JobKeeper continues to be a lifeline for the ELICOS industry. However, from late September, the rules around JobKeeper have changed. First of all, participating employers will need to requalify for the scheme, by demonstrating actual revenue loss (as measured by GST), of 30% for smaller businesses and 50% for larger ones (15% for not-for-profits). Notwithstanding that most ELICOS and business colleges have continued to struggle, it’s quite possible that some colleges will not be eligible for JobKeeper this time around.
On top of this, the entitlements for eligible employees will start to reduce. For the pay period after 27 September 2020, the fortnightly pay under JobKeeper comes down from $1500 to $1200, with a further reduction in January 2021, to $1000 per fortnight. There is now also a part-time rate, of $750 per fortnight from October to December, and $650 per fortnight from January.
To qualify for the full-time (or Tier 1) JobKeeper rate, and employee must have worked at least 80 hours over the relevant four-week period. If an employee has worked less than this, then they will get the lower, Tier 2 rate. Members should be aware that the award provides that each teaching hour is equivalent to 1.5 working hours, so if you were teaching a normal 20 hours teaching week during the relevant period, then that equates to 30 working hours.
If you have any issues with the new JobKeeper arrangements, contact your union.
Paid pandemic leave
Since the start of the pandemic, the union movement has been pushing hard to make paid pandemic leave the norm. Pleasingly, for employees in NSW this is now reality. The Premier State was slow to the party (most other states already have schemes up and running), but from now on, any NSW employee with no leave entitlements will be eligible for a $1500 payment for each 14-day period where they are directed by NSW Health to self-isolate or quarantine.
This is a great outcome for NSW workers, especially in the ELICOS sector, where casual employment (and thus no paid leave) is the norm, and it is a testament to the many thousands of union members who petitioned the government for such a scheme.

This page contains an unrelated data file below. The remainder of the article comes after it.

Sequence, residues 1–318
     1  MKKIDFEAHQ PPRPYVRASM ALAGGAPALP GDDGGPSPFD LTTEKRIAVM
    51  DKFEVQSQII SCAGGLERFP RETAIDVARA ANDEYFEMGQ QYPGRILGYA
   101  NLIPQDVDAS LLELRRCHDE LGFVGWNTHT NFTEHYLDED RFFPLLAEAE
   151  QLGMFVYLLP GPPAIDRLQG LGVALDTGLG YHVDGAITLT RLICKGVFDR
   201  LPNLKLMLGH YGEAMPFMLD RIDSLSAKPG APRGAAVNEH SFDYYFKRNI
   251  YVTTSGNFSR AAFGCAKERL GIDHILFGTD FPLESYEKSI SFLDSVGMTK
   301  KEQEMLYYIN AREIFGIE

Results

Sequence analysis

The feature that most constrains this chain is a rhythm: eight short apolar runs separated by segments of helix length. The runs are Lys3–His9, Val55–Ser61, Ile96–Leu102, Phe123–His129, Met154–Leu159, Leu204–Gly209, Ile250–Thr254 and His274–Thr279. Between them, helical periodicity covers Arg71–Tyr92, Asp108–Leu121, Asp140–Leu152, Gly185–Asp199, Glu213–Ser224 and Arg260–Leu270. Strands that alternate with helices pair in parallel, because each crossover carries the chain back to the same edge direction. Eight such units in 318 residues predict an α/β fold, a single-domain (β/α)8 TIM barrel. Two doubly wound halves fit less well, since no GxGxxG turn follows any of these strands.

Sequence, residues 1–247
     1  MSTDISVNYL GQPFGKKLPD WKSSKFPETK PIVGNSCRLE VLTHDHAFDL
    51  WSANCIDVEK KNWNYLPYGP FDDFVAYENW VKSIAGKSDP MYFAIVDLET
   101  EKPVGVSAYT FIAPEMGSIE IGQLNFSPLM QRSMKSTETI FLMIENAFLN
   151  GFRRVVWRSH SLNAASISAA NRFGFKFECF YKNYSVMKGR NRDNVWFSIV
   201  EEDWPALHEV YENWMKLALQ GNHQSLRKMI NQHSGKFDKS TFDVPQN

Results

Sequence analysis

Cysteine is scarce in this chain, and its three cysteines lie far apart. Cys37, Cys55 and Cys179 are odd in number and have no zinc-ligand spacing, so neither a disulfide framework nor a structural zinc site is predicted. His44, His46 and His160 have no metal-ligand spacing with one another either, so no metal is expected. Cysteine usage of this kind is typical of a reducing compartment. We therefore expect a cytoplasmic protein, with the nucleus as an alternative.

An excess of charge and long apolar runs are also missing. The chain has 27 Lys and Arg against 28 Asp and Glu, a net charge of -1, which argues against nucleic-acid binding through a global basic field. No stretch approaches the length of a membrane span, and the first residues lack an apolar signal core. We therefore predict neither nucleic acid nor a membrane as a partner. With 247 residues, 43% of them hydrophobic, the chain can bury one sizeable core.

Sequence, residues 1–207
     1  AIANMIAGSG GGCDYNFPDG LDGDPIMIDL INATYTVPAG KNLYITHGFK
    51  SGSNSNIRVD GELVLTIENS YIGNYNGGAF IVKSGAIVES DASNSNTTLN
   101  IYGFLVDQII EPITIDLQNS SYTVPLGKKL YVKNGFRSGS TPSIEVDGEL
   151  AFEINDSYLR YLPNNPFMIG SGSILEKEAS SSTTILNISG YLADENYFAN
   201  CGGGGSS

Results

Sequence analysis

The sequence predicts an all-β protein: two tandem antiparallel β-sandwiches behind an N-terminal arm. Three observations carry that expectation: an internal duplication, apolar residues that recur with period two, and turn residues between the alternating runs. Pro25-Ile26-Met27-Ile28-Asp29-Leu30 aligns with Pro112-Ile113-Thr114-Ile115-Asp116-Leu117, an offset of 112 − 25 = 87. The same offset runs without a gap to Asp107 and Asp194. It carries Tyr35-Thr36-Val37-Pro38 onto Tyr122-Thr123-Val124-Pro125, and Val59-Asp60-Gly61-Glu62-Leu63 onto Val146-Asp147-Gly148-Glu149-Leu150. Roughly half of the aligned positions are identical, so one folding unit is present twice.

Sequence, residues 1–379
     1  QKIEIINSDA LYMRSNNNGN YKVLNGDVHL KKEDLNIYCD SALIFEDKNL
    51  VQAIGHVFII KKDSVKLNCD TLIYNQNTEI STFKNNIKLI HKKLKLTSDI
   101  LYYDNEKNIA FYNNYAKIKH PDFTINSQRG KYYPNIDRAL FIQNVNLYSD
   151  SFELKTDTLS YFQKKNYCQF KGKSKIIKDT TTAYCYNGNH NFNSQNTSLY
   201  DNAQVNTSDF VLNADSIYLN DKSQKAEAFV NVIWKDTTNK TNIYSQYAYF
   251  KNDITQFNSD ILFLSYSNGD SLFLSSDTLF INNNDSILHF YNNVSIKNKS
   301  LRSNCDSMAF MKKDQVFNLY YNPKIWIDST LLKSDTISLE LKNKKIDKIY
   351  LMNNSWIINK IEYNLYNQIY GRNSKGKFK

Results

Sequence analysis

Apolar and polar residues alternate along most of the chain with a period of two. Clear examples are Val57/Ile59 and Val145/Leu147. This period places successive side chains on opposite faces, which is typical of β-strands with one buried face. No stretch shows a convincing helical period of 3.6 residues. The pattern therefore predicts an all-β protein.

Industrial Relations Working Party
Some months ago, the federal government brought together a working party of unions and business leaders to find common ground around changes to industrial relations laws. Given the inherent conflict between the wish lists of each side, finding such common ground was always going to be a tall ask, and so it has proved, with the group breaking up with little to show for it.
Indeed, according to ACTU Secretary Sally McManus, some of the employer groups were less concerned about “wanting to reach common ground and advance the national interest”, but rather tried “to use the opportunity to undermine working people’s rights at a time of unprecedented national crisis”. As members would expect, the ACTU sought to improve protections for workers, however some of the employer groups sought to undermine them.
The Federal Government has previously suggested that they would bring forward legislation around industrial relations changes regardless of what came out of the working group, but so far no timeline has been announced for this, and given the contentious nature of such changes, members should remain vigilant.
Given Australia’s relative success in fighting the pandemic, the nation may have a good story to tell when the borders reopen again, as a safe destination in which to study. However, that may yet be undermined by two major factors working against it.
First of all, the pipeline of students coming from China may be disrupted by the ongoing war of words between the governments of the two countries. There is little doubt that China under Xi Jinping is flexing its muscles on the world stage and is not taking kindly to countries that push back. Australia, of course, is only a middle power, at best, and so not likely to figure high in Xi’s considerations, but given our status as a loyal US ally, we seem likely to cop a fair degree of collateral damage, and this will include our access to Chinese students.
The second problem is more of our own making. Unlike many other countries, Australia has made no effort to reach out to international students already here, and with many casual jobs disappearing in the economic fall-out from the pandemic, there is growing bitterness among international student groups about being left out to dry by the Australian government.
As the pandemic took hold in Australia in March and April, Scott Morrison made no bones about his view that temporary vias holders were on their own, and that “if you are a visitor to this country, it is time … to make your way home”. For many students, this was not so easy. Many have invested their life savings to make a new life here, and they feel let down by their adopted country, with terms like “cash cows” and “ATMs of the Australian government” coming out in research.
It could be that Australia will need to work extra hard to attract international students when the borders re-open. It will take more than a shrimp on the barbie next time around.